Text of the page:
Many archaeological remains are found by chance, when digging for other reasons. The remains of Roman baths at Għajn Tuffieħa are such a case, discovered in 1929 during government works to use a fresh water spring to water fields in the area. This and other nearby springs might explain why the baths, which needed a constant flow of large amounts of water, were built at Għajn Tuffieħa. Although the area is rather deserted today, it was quite heavily populated in Roman times, as testified by burials in Zebbiegħ and Mġarr – in fact this was true of the entire area from Rabat/Mdina to the nearby ports of Ġnejna Għajn Tuffieħa, and Burmarrad.
Although it has not as yet been totally excavated, it would seem that the site was quite large, with a communal latrine and possibly a small and rudimentary hotel-like structure in which people could stay overnight, however little is left of that other than the baths.
These baths date to between the end of the 1st and the beginning of the 2nd century AD. As in the case of the Roman House at Rabat, this complex gives an idea of the leisurely life enjoyed by the Romans in Malta.
The Roman baths complex has everything one would expect to find in Roman baths of the time, with bathers first entering a tepidarium for a warm air, then to the caldarium, similar to a sauna, where after profuse perspiration the bather took a warm bath. This was followed by a cold dip in the cold room or figidarium. Heat was provided by a furnace beneath the caldarium which also provided a form of ‘central heating’ to the rest of the structure. The caldarium had an important role in Roman life, serving as a meeting place. Each room was fed by tunnels channelling the water flow and supplied with heath by an underground furnace or hypocaustum, similar to central heating. The caldarium at Għajn Tuffieħa was built on arches so that the water could be heated.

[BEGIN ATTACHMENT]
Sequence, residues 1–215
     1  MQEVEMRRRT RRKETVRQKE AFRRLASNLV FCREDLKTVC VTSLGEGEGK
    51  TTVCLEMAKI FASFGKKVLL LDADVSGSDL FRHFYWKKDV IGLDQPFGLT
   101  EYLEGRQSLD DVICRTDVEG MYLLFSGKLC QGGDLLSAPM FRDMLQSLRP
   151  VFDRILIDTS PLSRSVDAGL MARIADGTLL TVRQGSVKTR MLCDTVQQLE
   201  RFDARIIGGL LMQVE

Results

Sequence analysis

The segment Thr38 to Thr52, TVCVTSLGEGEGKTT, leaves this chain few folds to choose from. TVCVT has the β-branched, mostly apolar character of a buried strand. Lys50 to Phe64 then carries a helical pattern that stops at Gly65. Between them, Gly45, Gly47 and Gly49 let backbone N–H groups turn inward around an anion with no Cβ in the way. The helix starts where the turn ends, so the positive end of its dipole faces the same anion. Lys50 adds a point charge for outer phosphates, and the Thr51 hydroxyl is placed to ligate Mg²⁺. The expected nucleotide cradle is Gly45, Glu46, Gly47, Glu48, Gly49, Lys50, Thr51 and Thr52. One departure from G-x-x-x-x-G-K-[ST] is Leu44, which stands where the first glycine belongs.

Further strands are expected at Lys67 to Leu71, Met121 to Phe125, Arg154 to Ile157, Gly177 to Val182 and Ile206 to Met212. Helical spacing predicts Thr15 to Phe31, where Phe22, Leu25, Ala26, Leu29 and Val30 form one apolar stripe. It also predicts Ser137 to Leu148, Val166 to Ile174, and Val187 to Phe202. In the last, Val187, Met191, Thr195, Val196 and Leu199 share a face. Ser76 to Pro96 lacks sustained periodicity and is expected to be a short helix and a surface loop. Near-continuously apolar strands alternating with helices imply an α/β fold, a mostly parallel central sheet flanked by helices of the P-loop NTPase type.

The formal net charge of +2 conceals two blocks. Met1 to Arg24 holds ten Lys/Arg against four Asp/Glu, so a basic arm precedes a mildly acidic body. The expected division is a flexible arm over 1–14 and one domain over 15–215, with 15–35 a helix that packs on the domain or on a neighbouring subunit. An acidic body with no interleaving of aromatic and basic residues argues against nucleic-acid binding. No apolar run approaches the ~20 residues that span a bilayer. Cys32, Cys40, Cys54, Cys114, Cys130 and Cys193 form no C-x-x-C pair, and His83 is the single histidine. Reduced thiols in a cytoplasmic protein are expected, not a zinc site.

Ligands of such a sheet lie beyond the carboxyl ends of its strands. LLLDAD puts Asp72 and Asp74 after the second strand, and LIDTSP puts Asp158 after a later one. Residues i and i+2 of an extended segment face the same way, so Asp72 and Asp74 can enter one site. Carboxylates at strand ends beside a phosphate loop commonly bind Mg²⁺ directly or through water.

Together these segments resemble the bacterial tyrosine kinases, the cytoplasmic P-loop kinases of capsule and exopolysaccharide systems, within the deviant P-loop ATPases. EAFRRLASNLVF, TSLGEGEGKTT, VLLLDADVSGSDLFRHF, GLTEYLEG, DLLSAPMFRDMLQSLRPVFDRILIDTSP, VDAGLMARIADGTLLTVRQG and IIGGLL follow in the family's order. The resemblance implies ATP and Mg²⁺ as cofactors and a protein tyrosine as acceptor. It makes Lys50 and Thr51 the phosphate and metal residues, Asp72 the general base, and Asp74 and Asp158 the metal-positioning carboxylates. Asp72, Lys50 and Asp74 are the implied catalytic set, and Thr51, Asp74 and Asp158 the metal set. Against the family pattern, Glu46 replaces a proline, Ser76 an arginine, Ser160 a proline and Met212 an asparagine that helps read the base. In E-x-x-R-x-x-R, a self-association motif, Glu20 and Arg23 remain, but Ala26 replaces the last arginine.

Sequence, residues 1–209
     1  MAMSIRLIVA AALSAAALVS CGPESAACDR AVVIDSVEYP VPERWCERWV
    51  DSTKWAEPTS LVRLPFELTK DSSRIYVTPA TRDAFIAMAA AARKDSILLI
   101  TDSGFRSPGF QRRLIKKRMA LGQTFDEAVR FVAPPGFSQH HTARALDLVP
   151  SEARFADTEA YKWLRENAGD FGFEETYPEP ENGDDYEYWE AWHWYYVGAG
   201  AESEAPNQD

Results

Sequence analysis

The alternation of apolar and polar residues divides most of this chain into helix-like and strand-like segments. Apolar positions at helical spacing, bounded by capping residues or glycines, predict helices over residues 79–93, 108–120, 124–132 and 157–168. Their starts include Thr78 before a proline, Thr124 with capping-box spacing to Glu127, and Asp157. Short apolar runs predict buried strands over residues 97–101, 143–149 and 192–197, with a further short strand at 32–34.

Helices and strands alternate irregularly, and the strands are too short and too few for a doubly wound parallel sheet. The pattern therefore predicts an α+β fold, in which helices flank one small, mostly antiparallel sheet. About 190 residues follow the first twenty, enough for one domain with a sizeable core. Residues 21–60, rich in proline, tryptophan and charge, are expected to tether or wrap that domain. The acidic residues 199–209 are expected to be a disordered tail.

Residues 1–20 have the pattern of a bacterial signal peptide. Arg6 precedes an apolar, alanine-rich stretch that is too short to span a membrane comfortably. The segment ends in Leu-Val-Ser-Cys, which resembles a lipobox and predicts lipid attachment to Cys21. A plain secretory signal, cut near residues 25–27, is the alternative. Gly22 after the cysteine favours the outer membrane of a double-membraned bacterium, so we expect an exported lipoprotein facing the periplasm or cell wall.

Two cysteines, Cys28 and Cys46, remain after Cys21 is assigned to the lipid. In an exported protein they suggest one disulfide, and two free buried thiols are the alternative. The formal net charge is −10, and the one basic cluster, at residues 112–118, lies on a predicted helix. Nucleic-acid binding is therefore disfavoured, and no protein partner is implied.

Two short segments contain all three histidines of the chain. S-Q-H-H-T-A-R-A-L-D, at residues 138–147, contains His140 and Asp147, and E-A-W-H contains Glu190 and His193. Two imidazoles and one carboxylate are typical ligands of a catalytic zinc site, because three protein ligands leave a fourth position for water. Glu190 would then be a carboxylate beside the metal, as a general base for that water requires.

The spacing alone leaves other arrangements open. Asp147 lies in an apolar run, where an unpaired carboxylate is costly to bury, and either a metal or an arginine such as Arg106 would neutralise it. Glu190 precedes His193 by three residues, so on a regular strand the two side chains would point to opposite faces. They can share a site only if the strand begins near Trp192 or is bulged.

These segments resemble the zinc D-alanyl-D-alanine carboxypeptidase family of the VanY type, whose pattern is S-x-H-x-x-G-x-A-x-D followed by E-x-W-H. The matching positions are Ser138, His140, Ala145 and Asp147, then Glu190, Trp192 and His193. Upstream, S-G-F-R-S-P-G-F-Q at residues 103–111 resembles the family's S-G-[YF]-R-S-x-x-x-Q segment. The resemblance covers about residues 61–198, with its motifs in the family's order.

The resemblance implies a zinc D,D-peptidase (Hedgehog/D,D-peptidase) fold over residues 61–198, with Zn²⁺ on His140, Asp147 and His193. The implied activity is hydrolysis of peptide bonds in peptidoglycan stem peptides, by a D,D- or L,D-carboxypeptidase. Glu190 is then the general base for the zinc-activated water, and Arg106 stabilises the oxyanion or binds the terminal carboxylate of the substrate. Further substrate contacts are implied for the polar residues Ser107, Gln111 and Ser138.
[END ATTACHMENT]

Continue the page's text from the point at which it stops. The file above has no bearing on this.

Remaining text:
Apart from all this, there was also a large swimming pool, the natatio. Another room had stone benches on three sides, one foot high, with nine circular holes cut in serve as toilet seats. The stone seating-slabs could be lifted to inspect and clean the space beneath as well as to lay fresh soil to cover the dirt .
The corridor is paved with earthenware tiles, the tepidarium with a beautiful coloured mosaic pavement though sadly the mosaic floor of the frigidarium is worn out due to exposure to the elements.
At the moment these Roman Baths are not open to the public and are not in a good state. Excavation had begun in 1929 under Sir Temi Zammit. In 1961, the site’s mosaics underwent restoration sponsored by UNESCO and rooms were built to shelter and protect the remains however, these rooms exerted pressure on the mosaics causing damage.
In recent years from the UNESCO funded Malta Mosaics Project, which mapped mosaics and pavements at Għajn Tuffieħa and the Domvs Romana. The analysis of this mapping has resulted in a detailed conservation plan which should be actioned in the coming years.
Excavations carried out in 2014 formed part of a €6 million project entitled For a Rehabilitation of the Roman Baths and Christian Catacombs at Mosta and Mgarr part-funded by EU Rural Development Funds. The two sites are not linked in any way, and the project intends to clean and open up the catacombs at Ta’ Bistra in Mosta. With regard to the Roman Baths near Għajn Tuffieħa, the project intended to fully explore the entire area and subsequently roof over the site and set up an Interpretation Centre.
Six Roman bath complexes are known to have been discovered around Malta, including one, improbably, in Floriana. Others have been found at Ramla l-Hamra in Gozo and Marsaxlokk.
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